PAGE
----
The best we can do on gen 3 is to stay on top of it with regular engine maintenance: check your oil, EGR system cleaning to keep the combustion cylinder temperatures cool and balanced, PCV catch can, fuel system cleaners, and piston soaks to prevent/undo ring sticking.
     
    #89 mjoo, Oct 23, 2019
    Last edited: Oct 23, 2019
    m.wynn, mikey_t, RMB and 2 others like this.
  10. Drew Michael

    Drew Michael New Member

    Joined:
    Jan 7, 2020
    5
    0
    0
    Location:
    CT
    Vehicle:
    2010 Prius
    Model:
    Three
    why doesn’t the clogged EGR throw codes then?
     
  11. m.wynn

    m.wynn Senior Member

    Joined:
    Oct 24, 2013
    680
    1,204
    0
    Location:
    Queensbury, NY
    Vehicle:
    2014 Prius
    Model:
    Three
    Don't know for sure, but would guess that if the EGR valve stepper itself isn't stuck to some degree, then no P0401.
     
    mjoo and Raytheeagle like this.
  12. ChapmanF

    ChapmanF Senior Member

    Joined:
    Mar 30, 2008
    11,686
    8,423
    0
    Location:
    Indiana, USA
    Vehicle:
    2010 Prius
    Model:
    IV
    The EGR system tests itself during moments of deceleration: the ECU waggles the valve motor and watches for changes in the manifold absolute pressure resulting from EGR flow. That would seem like a fairly positive test.
     
    Robert Holt likes this.
  13. Mendel Leisk

    Mendel Leisk Sunday driver DIY’r

    Joined:
    Oct 17, 2010
    42,548
    30,453
    80
    Location:
    Greater Vancouver, British Columbia, Canada
    Vehicle:
    2010 Prius
    Model:
    Touring
    I believe it does, from what I've read here, but way too late, when everything is hopelessly clogged, and has likely been so for many 10K's of miles.
     
  14. mikey_t

    mikey_t Active Member

    Joined:
    Feb 5, 2019
    268
    291
    0
    Location:
    Los Angeles
    Vehicle:
    2010 Prius
    Model:
    Two
    Maybe hit or miss depending on the car and whatever variables there may be. Mine was clogged so much that soaking one end with brake cleaner still had nothing coming out of the other, yet no codes.
     
    m.wynn and Mendel Leisk like this.
  15. Mendel Leisk

    Mendel Leisk Sunday driver DIY’r

    Joined:
    Oct 17, 2010
    42,548
    30,453
    80
    Location:
    Greater Vancouver, British Columbia, Canada
    Vehicle:
    2010 Prius
    Model:
    Touring
    Yeah, plenty of life left in that EGR system... :rolleyes:

    The Toyota Warranty Enhancement mentions a code coming on (P0401), and/or shaking at start up. And says "the majority of vehicles will not experience this condition". :mad:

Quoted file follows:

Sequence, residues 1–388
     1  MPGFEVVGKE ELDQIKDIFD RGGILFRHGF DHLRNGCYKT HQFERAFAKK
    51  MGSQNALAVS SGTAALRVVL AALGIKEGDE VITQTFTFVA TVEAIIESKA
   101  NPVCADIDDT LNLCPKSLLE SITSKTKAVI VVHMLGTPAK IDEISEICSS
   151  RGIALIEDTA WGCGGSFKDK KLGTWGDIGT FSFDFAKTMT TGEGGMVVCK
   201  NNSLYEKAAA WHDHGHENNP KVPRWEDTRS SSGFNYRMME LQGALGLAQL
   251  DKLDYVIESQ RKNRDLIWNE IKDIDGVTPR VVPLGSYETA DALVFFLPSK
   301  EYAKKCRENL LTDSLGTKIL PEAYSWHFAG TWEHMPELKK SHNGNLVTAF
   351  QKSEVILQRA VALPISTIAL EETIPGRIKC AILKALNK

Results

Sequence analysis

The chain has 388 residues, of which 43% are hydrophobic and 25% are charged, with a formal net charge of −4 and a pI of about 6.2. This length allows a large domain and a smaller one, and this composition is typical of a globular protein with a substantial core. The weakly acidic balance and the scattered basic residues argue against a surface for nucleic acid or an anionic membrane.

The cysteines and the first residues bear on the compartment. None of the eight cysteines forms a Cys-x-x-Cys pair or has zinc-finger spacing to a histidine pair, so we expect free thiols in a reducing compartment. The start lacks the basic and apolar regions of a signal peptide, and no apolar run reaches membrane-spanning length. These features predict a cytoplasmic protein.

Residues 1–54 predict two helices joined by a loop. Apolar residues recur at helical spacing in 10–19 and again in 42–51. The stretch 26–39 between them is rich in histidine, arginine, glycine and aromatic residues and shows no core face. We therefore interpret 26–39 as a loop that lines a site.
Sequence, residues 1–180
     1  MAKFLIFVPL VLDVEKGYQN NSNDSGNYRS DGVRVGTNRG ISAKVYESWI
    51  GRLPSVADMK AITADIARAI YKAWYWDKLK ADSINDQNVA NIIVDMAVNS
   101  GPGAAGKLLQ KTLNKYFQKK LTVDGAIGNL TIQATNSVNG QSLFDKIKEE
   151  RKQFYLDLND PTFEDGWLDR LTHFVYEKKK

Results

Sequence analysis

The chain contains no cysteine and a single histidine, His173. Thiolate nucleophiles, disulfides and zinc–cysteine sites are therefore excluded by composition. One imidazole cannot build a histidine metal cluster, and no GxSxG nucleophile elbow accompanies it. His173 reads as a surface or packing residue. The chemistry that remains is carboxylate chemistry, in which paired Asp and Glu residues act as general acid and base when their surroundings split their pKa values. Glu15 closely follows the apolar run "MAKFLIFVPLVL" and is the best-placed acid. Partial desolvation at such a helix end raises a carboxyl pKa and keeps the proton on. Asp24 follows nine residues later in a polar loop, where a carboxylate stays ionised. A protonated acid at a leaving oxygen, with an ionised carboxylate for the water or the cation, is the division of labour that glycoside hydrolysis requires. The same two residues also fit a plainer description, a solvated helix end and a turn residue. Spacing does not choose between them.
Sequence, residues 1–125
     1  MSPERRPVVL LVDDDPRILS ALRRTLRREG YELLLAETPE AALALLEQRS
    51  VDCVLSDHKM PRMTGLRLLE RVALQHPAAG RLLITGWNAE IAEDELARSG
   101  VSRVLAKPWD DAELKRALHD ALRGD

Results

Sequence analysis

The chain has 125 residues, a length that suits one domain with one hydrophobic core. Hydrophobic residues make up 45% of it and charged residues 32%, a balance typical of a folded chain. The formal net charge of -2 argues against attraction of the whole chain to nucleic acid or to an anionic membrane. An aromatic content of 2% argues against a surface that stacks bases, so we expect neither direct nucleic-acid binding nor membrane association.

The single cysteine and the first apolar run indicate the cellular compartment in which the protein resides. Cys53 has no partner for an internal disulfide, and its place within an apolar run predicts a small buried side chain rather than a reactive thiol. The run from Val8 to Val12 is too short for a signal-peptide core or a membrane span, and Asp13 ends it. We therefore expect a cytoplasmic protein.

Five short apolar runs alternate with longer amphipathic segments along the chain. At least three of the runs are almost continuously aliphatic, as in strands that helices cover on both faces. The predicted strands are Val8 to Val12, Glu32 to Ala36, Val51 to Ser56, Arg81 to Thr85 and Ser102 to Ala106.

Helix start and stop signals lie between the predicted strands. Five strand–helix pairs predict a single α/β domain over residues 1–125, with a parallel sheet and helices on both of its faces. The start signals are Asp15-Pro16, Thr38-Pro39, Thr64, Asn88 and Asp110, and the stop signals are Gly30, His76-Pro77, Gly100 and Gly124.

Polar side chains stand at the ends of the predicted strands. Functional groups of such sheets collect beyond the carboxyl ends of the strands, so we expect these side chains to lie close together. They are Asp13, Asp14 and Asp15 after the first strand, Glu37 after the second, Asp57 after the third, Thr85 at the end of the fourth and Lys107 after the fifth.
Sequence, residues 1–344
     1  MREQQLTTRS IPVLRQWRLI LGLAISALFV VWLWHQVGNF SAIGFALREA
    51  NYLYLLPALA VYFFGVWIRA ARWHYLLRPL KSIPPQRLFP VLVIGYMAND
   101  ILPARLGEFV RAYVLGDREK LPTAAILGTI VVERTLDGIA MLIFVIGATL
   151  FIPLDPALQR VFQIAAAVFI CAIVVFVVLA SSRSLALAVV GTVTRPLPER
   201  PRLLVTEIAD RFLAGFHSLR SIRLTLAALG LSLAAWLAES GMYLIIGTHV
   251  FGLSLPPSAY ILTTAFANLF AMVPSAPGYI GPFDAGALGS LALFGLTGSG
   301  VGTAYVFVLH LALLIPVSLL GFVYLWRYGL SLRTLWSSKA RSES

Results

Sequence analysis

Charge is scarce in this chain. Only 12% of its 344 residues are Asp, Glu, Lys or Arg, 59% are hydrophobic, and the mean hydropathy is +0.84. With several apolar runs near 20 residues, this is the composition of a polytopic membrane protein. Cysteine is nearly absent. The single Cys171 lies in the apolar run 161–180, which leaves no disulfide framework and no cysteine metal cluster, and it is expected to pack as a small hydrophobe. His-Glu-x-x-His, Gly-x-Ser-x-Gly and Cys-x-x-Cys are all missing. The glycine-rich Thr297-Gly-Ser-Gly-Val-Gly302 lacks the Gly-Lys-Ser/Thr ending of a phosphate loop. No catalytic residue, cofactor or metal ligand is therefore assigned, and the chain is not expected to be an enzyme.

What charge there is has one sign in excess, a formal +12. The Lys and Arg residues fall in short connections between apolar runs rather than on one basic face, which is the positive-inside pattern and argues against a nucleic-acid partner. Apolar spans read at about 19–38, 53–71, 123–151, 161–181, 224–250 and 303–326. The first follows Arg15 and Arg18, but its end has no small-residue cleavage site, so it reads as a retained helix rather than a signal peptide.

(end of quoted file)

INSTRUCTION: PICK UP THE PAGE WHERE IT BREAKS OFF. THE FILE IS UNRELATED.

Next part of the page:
dig4dirt, m.wynn and mikey_t like this.
  16. m.wynn

    m.wynn Senior Member

    Joined:
    Oct 24, 2013
    680
    1,204
    0
    Location:
    Queensbury, NY
    Vehicle:
    2014 Prius
    Model:
    Three
    My experience with my 2010 was that the IM EGR passages were fully clogged at 97k miles. The car was "shuddering" at light throttle, gas-engine-on acceleration, speed mid-teens thru mid-20s or so mph. It wasn't full-on knocking yet, more felt like the road had a washboard pattern to the pavement. Cleaning the IM EGR passages remedied this, and my point being the car never had an EGR code even pending throughout the development of symptoms and the fix. I suppose it's possible the "ECU waggling the valve motor" test hadn't "caught on" yet, but the issue had developed over weeks before I dug in. Maybe Mendel is right in that it takes "many 10k's of miles of being hopelessly clogged" before coding, but I quite doubt that and GUESS that 2-trip detection, or at least thereabouts, should set the code once EGR flow is severely or completely restricted. My feeling is that the turd gen doesn't always set an EGR code even with complete clogging of the flow passages.
     
    mjoo, Mendel Leisk and Raytheeagle like this.
  17. Mendel Leisk

    Mendel Leisk Sunday driver DIY’r

    Joined:
    Oct 17, 2010
    42,548
    30,453
    80
    Location:
    Greater Vancouver, British Columbia, Canada
    Vehicle:
    2010 Prius
    Model:
    Touring
    Grounds for a fraud lawsuit?

    Fraud vs. Lying: What's the Legal Difference?
     
    #97 Mendel Leisk, Jan 11, 2020
    Last edited: Jan 11, 2020
  18. E46Prius

    E46Prius Active Member

    Joined:
    Aug 3, 2015
    314
    214
    0
    Location:
    Costa Mesa
    Vehicle:
    2015 Prius
    Model:
    Three
    For reference, someone over at the Lexus forums reports a bad HG (confirmed through leak down test by Lexus dealer) on a 2014 CT200h at 75k. He said they had another 2014 w/ 100k in the shop that day also with a bad HG. So I guess the 2014+ with its updated internal parts aren't really all that much more immune?
     
  19. Mendel Leisk

    Mendel Leisk Sunday driver DIY’r

    Joined:
    Oct 17, 2010
    42,548
    30,453
    80
    Location:
    Greater Vancouver, British Columbia, Canada
    Vehicle:
    2010 Prius
    Model:
    Touring
    As far as I know the engine revision was revised pistons and rings*. This was to mitigate oil consumption, doesn't eliminate the EGR clogging (might reduce it slightly, at most?), and a clogged EGR is suspected to cause raised combustion chamber temperatures, which in turn cause head gasket failure.

    * My latest take on that, from what I've read here, is that both the pistons and rings were revised at the same time, likely partway through model year 2014 for Prius. The oil ring of the revise ring set is "taller": the new ring won't fit in the old piston groove. The old ring would probably fit in the new piston groove, but would be loose.
     
    #99 Mendel Leisk, Jan 29, 2020
    Last edited: Jan 29, 2020
    Robert Holt and mikey_t like this.
  20. orenji

    orenji Senior Member

    Joined:
    Aug 17, 2013
    5,857
    3,454
    0
    Vehicle:
    2010 Prius
    Model:
    Three
    Driving it like a Camaro and using 0W-20 weight.
     
    mikey_t likes this.
Loading...